Extension to Environmental Impact Assessment announced
An extension to the duration of the Environmental Impact Assessment (EIA) into the feasibility of dredging a deeper approach channel to Falmouth Docks important for accommodating bigger cruise liners has been announced.
The £410,000 EIA project has investment from the South West of England Regional Development Agency (RDA) and the Objective One Programme for Cornwall and the Isles of Scilly. Work commenced last March and a number of field studies have been completed with substantial modelling exercises looking at any possible changes in water and sediment quality, waves and tidal flows.
The design of the channel has also been reviewed to ensure that the channel will be safe to navigate yet minimises the amount of dredging required.
The strategic project has been driven by Falmouth Harbour Commissioners and A&P Falmouth Limited and would see many more cruise liners, up to 340 metres long, berthed alongside the Docks, bringing significant economic benefits to Falmouth and Cornwall while promoting sustainable tourism.
Falmouth Harbour Commissioners' Chief Executive, Captain Mark Sansom, comments: "This is important work and the assessment exercises have to take a wide range of issues into consideration, especially those raised during our consultations." The Assessment was due to complete in March but due to additional requirements resulting from the work carried out so far will now not be completed until July.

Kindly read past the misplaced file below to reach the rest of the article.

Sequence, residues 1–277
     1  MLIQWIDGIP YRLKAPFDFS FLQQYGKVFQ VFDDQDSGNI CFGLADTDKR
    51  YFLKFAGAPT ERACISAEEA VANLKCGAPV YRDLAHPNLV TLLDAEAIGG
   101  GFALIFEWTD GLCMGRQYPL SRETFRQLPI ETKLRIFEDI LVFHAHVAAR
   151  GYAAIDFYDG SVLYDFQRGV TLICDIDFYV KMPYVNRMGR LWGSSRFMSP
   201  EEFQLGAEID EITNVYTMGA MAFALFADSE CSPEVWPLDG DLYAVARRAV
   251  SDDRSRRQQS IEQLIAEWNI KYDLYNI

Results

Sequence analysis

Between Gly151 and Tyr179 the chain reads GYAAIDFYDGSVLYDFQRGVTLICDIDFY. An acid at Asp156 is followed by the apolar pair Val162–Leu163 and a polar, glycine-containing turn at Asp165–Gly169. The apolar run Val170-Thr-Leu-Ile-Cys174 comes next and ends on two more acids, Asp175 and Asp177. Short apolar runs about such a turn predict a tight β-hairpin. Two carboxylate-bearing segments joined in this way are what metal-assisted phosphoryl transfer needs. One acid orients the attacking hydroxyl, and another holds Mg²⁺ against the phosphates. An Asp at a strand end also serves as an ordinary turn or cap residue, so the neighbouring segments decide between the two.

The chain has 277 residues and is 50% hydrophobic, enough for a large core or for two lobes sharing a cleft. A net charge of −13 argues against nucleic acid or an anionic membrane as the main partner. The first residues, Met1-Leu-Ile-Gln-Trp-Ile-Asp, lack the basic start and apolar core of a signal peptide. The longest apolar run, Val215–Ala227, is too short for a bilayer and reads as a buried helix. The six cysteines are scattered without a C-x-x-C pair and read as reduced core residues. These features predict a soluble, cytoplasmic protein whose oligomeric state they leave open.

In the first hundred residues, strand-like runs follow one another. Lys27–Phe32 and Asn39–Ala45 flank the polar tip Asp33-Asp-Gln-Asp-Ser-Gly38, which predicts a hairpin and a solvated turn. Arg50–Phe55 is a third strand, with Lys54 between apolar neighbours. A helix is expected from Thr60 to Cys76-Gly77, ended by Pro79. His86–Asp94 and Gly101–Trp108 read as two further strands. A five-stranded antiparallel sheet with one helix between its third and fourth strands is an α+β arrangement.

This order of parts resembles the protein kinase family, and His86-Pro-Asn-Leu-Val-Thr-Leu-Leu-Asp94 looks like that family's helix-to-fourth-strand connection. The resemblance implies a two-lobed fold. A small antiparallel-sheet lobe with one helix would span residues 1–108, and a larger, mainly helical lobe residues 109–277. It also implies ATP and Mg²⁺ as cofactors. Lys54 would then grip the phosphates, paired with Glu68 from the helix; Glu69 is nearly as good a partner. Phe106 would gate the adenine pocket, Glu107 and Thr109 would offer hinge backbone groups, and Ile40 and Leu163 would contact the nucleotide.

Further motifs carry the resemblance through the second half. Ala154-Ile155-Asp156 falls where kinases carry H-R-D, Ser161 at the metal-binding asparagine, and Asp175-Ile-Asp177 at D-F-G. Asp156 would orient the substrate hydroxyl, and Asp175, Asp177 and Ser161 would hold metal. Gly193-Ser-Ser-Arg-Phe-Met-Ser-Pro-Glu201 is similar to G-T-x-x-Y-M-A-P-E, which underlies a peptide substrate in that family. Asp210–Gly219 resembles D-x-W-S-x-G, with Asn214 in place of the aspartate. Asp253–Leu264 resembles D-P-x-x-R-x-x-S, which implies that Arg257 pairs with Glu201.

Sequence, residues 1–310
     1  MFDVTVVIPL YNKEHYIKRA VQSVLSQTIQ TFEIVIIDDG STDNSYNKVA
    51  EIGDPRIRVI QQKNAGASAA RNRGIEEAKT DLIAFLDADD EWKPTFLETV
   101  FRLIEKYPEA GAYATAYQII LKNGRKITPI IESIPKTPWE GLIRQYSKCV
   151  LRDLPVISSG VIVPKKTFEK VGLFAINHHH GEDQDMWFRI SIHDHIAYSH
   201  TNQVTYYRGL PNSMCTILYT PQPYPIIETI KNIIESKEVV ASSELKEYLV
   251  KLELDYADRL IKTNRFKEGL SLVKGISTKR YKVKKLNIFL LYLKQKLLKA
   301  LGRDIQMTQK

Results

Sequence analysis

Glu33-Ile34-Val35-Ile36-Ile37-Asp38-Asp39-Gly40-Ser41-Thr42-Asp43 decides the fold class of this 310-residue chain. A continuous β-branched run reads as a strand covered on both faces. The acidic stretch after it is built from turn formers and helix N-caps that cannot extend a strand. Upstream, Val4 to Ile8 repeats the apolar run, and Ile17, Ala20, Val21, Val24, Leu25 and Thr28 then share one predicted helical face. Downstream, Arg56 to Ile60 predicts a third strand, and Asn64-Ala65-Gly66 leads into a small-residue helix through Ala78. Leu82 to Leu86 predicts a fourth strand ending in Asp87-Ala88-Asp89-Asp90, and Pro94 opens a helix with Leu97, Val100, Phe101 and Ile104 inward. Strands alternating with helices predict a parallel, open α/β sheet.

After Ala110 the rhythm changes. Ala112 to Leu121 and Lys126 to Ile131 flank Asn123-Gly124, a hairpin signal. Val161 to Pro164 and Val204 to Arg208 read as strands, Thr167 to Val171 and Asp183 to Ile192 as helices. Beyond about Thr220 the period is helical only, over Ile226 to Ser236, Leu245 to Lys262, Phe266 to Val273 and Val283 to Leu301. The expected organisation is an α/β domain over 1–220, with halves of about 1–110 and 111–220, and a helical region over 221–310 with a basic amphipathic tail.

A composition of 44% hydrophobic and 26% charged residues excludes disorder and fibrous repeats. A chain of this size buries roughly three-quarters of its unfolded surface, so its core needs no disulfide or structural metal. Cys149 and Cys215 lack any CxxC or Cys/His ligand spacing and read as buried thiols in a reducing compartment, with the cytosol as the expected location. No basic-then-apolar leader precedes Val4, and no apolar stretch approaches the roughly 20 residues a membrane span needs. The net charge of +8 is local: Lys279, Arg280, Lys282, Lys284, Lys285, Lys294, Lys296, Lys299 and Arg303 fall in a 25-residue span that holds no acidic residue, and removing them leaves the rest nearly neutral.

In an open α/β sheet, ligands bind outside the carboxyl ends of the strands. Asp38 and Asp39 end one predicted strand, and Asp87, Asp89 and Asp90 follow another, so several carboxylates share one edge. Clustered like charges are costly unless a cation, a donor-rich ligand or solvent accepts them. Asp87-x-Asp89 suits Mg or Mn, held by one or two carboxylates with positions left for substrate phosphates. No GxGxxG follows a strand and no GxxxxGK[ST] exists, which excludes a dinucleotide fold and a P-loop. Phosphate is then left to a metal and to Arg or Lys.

For further information please contact Deborah Clark, Deborah Clark and Associates Ltd, on 01208 77900 or email firstname.lastname@example.org.
The Objective One Programme for Cornwall and the Isles of Scilly has invested in the Environmental Impact Assessment into the feasibility of dredging of FalmouthHarbour through the European Regional Development Fund (ERDF).
- The channel is planned to be deepened to -8.3m Chart Datum (CD).
- A berth for cruise liners would be dredged to -9.5m CD to ensure that they are navigable for 75% of the time by modern cruise vessels.
- It is predicted that approximately 600,000 cubic metres of material will require dredging.
- Potential beneficial disposal options are currently being investigated.
- Work to date:
- A vibrocore survey has been completed to determine the nature of the sediments to be dredged.
- These samples from the sea bed have undergone chemical analysis.
- A diver survey has been completed to investigate the plants and animals currently living on the sea bed to determine project impacts on the potential effect on the natural environment.
- An archaeological assessment is also underway to investigate the effect of the dredge on any historic environment:
- This has comprised of an analysis of existing information and carrying out geophysical surveys by boat to detect the presence of anomalies on the seabed.
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